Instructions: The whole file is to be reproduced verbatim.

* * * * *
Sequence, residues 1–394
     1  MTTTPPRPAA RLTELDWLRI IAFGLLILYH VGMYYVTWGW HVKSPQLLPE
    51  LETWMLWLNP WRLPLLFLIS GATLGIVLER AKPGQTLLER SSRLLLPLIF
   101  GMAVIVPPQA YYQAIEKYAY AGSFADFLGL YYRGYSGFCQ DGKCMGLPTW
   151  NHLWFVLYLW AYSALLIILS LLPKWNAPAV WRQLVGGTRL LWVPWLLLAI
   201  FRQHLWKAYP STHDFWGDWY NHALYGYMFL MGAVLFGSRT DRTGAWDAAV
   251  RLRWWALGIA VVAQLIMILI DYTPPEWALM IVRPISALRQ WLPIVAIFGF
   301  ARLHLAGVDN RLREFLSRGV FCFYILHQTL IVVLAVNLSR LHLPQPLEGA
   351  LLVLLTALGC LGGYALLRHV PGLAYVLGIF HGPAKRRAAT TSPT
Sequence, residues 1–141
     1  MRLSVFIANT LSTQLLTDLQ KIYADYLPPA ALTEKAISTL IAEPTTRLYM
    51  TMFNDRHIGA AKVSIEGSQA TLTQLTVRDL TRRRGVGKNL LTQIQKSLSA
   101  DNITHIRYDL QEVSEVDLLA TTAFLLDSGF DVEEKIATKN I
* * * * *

Sequence, residues 1–394
     1  MTTTPPRPAA RLTELDWLRI IAFGLLILYH VGMYYVTWGW HVKSPQLLPE
    51  LETWMLWLNP WRLPLLFLIS GATLGIVLER AKPGQTLLER SSRLLLPLIF
   101  GMAVIVPPQA YYQAIEKYAY AGSFADFLGL YYRGYSGFCQ DGKCMGLPTW
   151  NHLWFVLYLW AYSALLIILS LLPKWNAPAV WRQLVGGTRL LWVPWLLLAI
   201  FRQHLWKAYP STHDFWGDWY NHALYGYMFL MGAVLFGSRT DRTGAWDAAV
   251  RLRWWALGIA VVAQLIMILI DYTPPEWALM IVRPISALRQ WLPIVAIFGF
   301  ARLHLAGVDN RLREFLSRGV FCFYILHQTL IVVLAVNLSR LHLPQPLEGA
   351  LLVLLTALGC LGGYALLRHV PGLAYVLGIF HGPAKRRAAT TSPT
Sequence, residues 1–141
     1  MRLSVFIANT LSTQLLTDLQ KIYADYLPPA ALTEKAISTL IAEPTTRLYM
    51  TMFNDRHIGA AKVSIEGSQA TLTQLTVRDL TRRRGVGKNL LTQIQKSLSA
   101  DNITHIRYDL QEVSEVDLLA TTAFLLDSGF DVEEKIATKN I